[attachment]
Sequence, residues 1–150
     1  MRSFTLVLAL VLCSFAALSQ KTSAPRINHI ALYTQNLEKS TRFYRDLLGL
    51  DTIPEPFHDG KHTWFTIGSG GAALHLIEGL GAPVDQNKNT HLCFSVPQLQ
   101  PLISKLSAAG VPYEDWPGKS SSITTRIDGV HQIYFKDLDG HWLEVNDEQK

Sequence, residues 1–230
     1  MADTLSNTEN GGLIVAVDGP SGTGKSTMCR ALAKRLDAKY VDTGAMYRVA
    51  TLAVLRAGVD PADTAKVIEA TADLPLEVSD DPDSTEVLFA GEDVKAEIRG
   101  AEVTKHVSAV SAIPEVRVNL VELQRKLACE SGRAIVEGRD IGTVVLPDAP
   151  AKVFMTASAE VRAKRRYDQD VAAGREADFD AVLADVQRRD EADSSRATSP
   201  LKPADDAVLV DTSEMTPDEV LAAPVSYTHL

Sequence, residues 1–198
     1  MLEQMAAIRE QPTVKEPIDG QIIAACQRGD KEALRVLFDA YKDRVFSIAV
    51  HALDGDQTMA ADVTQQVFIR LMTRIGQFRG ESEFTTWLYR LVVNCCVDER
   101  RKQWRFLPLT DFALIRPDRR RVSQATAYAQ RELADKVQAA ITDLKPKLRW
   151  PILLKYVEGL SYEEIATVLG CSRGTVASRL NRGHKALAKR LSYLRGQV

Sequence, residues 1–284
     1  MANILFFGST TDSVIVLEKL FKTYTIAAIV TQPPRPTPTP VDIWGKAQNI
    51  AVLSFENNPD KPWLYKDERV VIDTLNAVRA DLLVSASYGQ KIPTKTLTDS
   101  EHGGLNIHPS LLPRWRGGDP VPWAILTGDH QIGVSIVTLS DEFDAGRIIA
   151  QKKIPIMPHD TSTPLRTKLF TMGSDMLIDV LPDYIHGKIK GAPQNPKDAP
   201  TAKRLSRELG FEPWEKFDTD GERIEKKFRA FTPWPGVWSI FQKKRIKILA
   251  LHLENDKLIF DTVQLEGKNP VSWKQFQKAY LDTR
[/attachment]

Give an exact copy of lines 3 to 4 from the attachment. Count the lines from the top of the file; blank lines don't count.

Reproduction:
    51  DTIPEPFHDG KHTWFTIGSG GAALHLIEGL GAPVDQNKNT HLCFSVPQLQ
   101  PLISKLSAAG VPYEDWPGKS SSITTRIDGV HQIYFKDLDG HWLEVNDEQK